Undergraduate Course: LEL2D: Cross-linguistic Variation: Limits and Theories (LASC08020)
|School||School of Philosophy, Psychology and Language Sciences
||College||College of Humanities and Social Science
|Credit level (Normal year taken)||SCQF Level 8 (Year 2 Undergraduate)
||Availability||Available to all students
|Summary||The course introduces students to the variation observed in the languages of the world, to the analytical and theoretical challenges that such variation poses, and to responses that have been given to these challenges. The issues are first introduced from a "bird's eye" view; then actual examples are given and explored in detail in the areas of (morpho)syntax and phonology; and finally the course concludes with a module on the implications of cross-linguistic variation for our understanding of how language is acquired (and vice versa).
There are four blocks of teaching:
1. The implications of variation (6 lectures): This block introduces the issue of cross-linguistic variation, shows why it is fundamental to our understanding of language, and presents and explores the responses that have been given by linguists, often from very different points of view.
2. Grammars and syntax (11 lectures): This block presents case-studies of cross-linguistic differences in syntax and explores how the syntactic theory that the students have already learned can account for these differences, and where it has to be extended or adapted. Students will both become familiar with a wider range of linguistics phenomena, and develop their understanding of the theoretical tools for explaining them.
3. Phonology (10 lectures): This block explores universals and variation in the module of phonology, covering phenomena from segmental phonology, tonal phonology, syllable structure, and stress. As in the previous segment, students will both be exposed to some important points of variation, and develop their understanding of the theories that have been developed to account for the topography of this variation. A theme that recurs throughout this and the previous segment is the constant tension in theory building between descriptive coverage and predictive power.
4. Language acquisition (6 lectures):
Languages can vary from each other because some aspects at least of linguistic knowledge are not genetically determined; what is not genetically determined has to be learned. This final block sets out how the question of possible limits to variation have, in modern linguistic theory, become intimately intertwined with the question of how language is acquired, and explores how language acquisition has become central to linguistic theory. It will also look at how language development is shaped by the interaction of internal factors (language-specific and domain-general predispositions), external factors (quantity and quality of input), and children's developing processing abilities.
Information for Visiting Students
|Pre-requisites||Visiting students should usually have at least 1 introductory level Language Science course at grade B or above (or be predicted to obtain this) for entry to this course. We will only consider University/College level courses.
|High Demand Course?
Course Delivery Information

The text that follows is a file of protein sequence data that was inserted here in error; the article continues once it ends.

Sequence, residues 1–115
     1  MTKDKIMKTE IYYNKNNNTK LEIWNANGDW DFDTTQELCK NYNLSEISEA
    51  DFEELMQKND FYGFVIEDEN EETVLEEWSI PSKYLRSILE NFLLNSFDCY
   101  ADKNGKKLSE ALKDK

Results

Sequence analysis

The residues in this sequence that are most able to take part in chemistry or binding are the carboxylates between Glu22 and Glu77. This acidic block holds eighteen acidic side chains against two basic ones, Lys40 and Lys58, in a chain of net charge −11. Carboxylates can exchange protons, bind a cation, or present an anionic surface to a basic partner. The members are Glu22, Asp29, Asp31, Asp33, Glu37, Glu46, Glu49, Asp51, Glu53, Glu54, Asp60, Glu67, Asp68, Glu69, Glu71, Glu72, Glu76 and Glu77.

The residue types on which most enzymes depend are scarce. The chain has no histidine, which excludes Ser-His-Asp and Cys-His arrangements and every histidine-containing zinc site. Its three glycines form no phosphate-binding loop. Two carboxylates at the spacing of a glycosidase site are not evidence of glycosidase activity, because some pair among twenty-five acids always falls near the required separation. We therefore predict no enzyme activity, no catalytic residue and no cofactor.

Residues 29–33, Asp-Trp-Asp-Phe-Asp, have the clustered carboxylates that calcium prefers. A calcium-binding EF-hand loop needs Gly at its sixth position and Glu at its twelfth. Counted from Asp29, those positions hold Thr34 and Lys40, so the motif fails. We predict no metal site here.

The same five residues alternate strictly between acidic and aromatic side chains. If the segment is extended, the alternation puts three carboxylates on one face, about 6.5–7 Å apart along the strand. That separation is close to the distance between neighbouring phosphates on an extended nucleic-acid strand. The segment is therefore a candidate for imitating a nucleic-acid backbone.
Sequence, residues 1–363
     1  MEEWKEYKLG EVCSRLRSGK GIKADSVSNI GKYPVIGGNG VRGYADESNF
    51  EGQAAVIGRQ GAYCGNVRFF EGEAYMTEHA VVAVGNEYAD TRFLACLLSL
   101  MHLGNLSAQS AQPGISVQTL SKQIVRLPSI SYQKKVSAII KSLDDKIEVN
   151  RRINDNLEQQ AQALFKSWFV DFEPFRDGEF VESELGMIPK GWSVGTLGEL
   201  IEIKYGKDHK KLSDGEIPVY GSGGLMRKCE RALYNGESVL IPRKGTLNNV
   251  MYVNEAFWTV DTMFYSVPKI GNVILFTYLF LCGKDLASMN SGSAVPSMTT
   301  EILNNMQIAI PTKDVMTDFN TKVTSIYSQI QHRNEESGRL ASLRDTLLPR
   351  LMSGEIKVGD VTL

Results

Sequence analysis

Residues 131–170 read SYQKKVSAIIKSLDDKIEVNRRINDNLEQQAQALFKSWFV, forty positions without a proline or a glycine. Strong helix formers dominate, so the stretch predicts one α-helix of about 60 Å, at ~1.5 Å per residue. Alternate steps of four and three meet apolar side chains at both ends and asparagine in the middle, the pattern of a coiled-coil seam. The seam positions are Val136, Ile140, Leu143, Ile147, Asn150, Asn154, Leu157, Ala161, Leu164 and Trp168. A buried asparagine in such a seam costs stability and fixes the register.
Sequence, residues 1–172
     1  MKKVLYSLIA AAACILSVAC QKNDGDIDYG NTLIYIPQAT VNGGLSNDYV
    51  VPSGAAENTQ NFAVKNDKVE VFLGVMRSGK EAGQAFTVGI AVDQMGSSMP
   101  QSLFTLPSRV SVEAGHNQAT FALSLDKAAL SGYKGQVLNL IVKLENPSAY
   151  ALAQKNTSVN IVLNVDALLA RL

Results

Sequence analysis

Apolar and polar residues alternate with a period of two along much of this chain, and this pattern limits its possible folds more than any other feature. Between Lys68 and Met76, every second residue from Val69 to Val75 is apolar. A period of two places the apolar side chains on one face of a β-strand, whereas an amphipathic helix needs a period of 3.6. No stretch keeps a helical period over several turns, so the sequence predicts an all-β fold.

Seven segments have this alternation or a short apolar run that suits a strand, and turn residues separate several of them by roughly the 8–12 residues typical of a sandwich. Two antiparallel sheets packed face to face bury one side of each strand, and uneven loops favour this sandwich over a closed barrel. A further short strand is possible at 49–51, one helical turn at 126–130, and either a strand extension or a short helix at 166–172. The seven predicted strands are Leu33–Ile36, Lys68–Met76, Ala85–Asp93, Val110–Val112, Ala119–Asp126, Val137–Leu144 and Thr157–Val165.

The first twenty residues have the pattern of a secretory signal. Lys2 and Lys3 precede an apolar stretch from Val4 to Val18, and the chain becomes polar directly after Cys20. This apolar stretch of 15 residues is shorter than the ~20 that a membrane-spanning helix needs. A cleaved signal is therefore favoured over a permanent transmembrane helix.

|Academic year 2017/18, Available to all students (SV1)
|Learning and Teaching activities (Further Info)
Lecture Hours 33,
Seminar/Tutorial Hours 10,
Programme Level Learning and Teaching Hours 4,
Directed Learning and Independent Learning Hours
|Assessment (Further Info)
|Additional Information (Assessment)
||Essay on grammatical/syntactic variation and/or the theoretical responses to it (40%).
Written exam (2 hours) with questions on all aspects of the course (60%)
||Hours & Minutes
|Main Exam Diet S2 (April/May)||LEL2D||2:00|
|Resit Exam Diet (August)||LEL2D||2:00|
| After taking this course, students should:
- Have an in-depth, technical knowledge of some important ways in which the phonological and syntactic systems of different languages differ from each other;
- Understand how these different systems have been analysed within current linguistic theory;
- Have an appreciation of how crosslinguistic data can be used to test theories;
- Have an appreciation of the relation between the nature of crosslinguistic variation and the nature of language acquisition
- Be able to analyse data from unfamiliar languages using the theoretical tools presented;
- Understand the role that crosslinguistic variation has played in major developments in linguistic theory, and be familiar with the major issues and controversies concerning the limits of linguistic variation
|Here is a selection of relevant readings. A more extensive list can be found in the course handbook.|
Croft, W. (2003). "The Problem of Cross-Linguistic Comparability" and "Language Sampling for Cross-Linguistic Research", Chaps. 1.4 and 1.5 in Typology and Universals (2nd ed). Cambridge: Cambridge University Press, 13-28.
Greenberg, J.H. (1963). Some universals of grammar with particular reference to the order of meaningful elements. In J.H. Greenberg (ed.) Universals of Language. Cambridge, MA: MIT Press, 73-113. [Paperback edition published in 1966; page references to this edition.]
Hyman, L. (2008) Universals in phonology. The Linguistic Review 25(1-2), 83-137.
Fodor, J. & Crowther, C. (2002). Understanding stimulus poverty arguments. The Linguistic Review 19: 105-145.
|Graduate Attributes and Skills
|Additional Class Delivery Information
||All students will also attend a one-hour tutorial on Thursday (several slots will be available).
|Course organiser||Dr Pavel Iosad
Tel: (0131 6)50 3948
|Course secretary||Ms Susan Hermiston
Tel: (0131 6)50 3440